But in 1895, Roentgen discovered X rays. In 1896, Becquerel discovered radioactivity. In 1897, Thomson discovered the electron. In 1905, Einstein formulated the special theory of relativity (and thus explained Michelson's own 1887 observations regarding the speed of light). In 1905, Einstein also presented the photon theory of light. In 1911, Rutherford discovered the atomic nucleus. In 1915, Einstein formulated the general theory of relativity. In 1924-30, de Broglie, Heisenberg, Bohr, Pauli, and Dirac developed the foundations of quantum mechanics. In 1929, Hubble announced evidence for the expansion of the universe. In 1931, Michelson died.
Michelson had made a memorable mistake. People still point to his statement and what followed to support the view that we shouldn't (ever?) claim any firm understanding of natural law, or of the limits to the possible. After all, if Michelson was so sure and yet so wrong, shouldn't we fear repeating his mistake? The great revolution in physics has led some people to conclude that science will hold endless important surprises - even surprises important to engineers. But are we likely to encounter such an important upheaval again?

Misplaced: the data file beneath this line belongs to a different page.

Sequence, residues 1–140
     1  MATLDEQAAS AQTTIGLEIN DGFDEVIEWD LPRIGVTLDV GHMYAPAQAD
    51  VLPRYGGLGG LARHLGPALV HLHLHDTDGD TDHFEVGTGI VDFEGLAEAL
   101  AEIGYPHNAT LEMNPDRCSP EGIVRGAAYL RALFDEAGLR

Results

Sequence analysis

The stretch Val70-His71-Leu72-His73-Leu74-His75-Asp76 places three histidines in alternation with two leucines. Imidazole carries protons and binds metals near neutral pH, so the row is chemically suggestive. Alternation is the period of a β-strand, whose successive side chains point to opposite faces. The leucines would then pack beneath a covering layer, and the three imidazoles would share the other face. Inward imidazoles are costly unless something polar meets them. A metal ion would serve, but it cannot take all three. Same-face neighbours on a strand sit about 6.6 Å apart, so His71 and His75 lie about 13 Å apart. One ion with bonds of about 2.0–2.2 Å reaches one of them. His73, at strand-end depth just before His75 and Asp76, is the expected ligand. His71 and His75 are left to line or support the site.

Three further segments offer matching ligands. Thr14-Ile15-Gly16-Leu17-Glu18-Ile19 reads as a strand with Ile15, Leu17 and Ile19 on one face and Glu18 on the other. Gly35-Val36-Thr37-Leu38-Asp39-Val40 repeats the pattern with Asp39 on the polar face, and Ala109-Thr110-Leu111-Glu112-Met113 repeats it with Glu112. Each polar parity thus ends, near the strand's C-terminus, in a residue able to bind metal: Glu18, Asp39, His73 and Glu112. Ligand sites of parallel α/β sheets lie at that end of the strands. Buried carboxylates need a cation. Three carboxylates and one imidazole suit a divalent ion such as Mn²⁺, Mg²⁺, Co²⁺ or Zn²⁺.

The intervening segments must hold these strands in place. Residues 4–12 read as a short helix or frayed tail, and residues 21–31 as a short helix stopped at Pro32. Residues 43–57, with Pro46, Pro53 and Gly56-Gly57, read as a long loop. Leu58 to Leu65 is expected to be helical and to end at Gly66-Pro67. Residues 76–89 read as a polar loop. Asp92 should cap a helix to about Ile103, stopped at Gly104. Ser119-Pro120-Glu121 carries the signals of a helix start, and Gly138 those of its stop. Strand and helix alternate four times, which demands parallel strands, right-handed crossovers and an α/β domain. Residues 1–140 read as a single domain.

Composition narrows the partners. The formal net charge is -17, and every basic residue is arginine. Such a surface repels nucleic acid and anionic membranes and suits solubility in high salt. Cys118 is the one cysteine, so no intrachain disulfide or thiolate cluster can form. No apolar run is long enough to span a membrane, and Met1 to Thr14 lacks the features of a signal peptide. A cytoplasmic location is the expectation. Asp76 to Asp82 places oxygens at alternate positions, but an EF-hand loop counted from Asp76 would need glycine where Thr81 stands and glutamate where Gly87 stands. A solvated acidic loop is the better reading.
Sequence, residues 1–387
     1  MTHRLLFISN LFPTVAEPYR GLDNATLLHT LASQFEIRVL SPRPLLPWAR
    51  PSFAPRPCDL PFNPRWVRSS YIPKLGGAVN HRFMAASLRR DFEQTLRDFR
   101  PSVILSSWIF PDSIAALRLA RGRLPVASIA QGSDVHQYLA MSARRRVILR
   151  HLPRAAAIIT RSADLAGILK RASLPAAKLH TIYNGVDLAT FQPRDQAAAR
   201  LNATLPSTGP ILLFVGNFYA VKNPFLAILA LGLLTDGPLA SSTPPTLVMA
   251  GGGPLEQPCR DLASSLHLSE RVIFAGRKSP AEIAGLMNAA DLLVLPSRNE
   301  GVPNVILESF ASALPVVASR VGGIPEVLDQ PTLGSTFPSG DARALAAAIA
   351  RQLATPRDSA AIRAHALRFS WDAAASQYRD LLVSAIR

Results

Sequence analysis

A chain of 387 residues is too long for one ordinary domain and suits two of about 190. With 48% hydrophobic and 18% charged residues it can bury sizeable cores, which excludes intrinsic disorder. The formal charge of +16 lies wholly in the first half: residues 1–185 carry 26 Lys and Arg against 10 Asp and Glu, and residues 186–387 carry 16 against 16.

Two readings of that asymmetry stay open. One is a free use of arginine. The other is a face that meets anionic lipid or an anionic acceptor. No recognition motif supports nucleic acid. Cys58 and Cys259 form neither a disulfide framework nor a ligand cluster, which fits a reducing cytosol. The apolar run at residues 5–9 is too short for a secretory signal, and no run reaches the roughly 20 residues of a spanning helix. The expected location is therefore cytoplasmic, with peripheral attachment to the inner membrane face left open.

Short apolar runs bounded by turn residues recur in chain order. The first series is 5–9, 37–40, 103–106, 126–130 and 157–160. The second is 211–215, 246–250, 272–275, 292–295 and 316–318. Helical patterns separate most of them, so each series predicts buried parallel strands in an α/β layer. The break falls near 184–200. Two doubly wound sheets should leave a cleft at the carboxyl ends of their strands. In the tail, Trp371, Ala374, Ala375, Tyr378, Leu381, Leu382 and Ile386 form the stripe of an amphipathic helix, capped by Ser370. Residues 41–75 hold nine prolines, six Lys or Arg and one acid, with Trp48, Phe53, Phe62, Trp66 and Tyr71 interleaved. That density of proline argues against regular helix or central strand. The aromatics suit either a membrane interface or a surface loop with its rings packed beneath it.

Perhaps not. The content of quantum mechanics was a surprise, yet before it appeared, physics was obviously and grossly incomplete. Before quantum mechanics, you could have walked up to any scientist, grinned maliciously, rapped on his desk and asked, "What holds this thing together? Why is it brown and solid, while air is transparent and gaseous?" Your victim might have said something vague about atoms and their arrangements, but when you pressed for an explanation, you would at best have gotten an answer like "Who knows? Physics can't explain matter yet!" Hindsight is all too easy, yet in a world made of matter, inhabited by material people using material tools, this ignorance of the nature of matter was a gap in human knowledge that Michelson should perhaps have noted. It was a gap not in "the sixth place of decimals" but in the first.